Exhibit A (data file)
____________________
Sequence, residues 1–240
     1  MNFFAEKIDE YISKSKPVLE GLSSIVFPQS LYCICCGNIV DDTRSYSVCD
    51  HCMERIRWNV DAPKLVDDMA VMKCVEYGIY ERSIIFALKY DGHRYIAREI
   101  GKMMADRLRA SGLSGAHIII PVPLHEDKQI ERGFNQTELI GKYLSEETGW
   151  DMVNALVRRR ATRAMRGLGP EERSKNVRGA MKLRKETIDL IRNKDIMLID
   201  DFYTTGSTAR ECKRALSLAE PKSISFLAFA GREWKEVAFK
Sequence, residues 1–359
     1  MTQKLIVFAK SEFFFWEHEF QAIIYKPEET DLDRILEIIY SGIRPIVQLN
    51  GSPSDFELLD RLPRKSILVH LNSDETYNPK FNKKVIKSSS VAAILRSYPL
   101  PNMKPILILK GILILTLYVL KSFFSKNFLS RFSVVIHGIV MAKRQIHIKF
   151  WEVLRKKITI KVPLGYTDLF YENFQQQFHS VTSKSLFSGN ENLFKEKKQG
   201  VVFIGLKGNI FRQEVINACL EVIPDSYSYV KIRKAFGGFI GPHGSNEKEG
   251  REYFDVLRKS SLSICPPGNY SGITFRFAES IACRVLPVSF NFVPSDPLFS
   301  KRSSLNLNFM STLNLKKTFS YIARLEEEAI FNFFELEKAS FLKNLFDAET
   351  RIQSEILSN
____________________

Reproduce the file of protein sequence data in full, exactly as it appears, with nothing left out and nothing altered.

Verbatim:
Sequence, residues 1–240
     1  MNFFAEKIDE YISKSKPVLE GLSSIVFPQS LYCICCGNIV DDTRSYSVCD
    51  HCMERIRWNV DAPKLVDDMA VMKCVEYGIY ERSIIFALKY DGHRYIAREI
   101  GKMMADRLRA SGLSGAHIII PVPLHEDKQI ERGFNQTELI GKYLSEETGW
   151  DMVNALVRRR ATRAMRGLGP EERSKNVRGA MKLRKETIDL IRNKDIMLID
   201  DFYTTGSTAR ECKRALSLAE PKSISFLAFA GREWKEVAFK
Sequence, residues 1–359
     1  MTQKLIVFAK SEFFFWEHEF QAIIYKPEET DLDRILEIIY SGIRPIVQLN
    51  GSPSDFELLD RLPRKSILVH LNSDETYNPK FNKKVIKSSS VAAILRSYPL
   101  PNMKPILILK GILILTLYVL KSFFSKNFLS RFSVVIHGIV MAKRQIHIKF
   151  WEVLRKKITI KVPLGYTDLF YENFQQQFHS VTSKSLFSGN ENLFKEKKQG
   201  VVFIGLKGNI FRQEVINACL EVIPDSYSYV KIRKAFGGFI GPHGSNEKEG
   251  REYFDVLRKS SLSICPPGNY SGITFRFAES IACRVLPVSF NFVPSDPLFS
   301  KRSSLNLNFM STLNLKKTFS YIARLEEEAI FNFFELEKAS FLKNLFDAET
   351  RIQSEILSN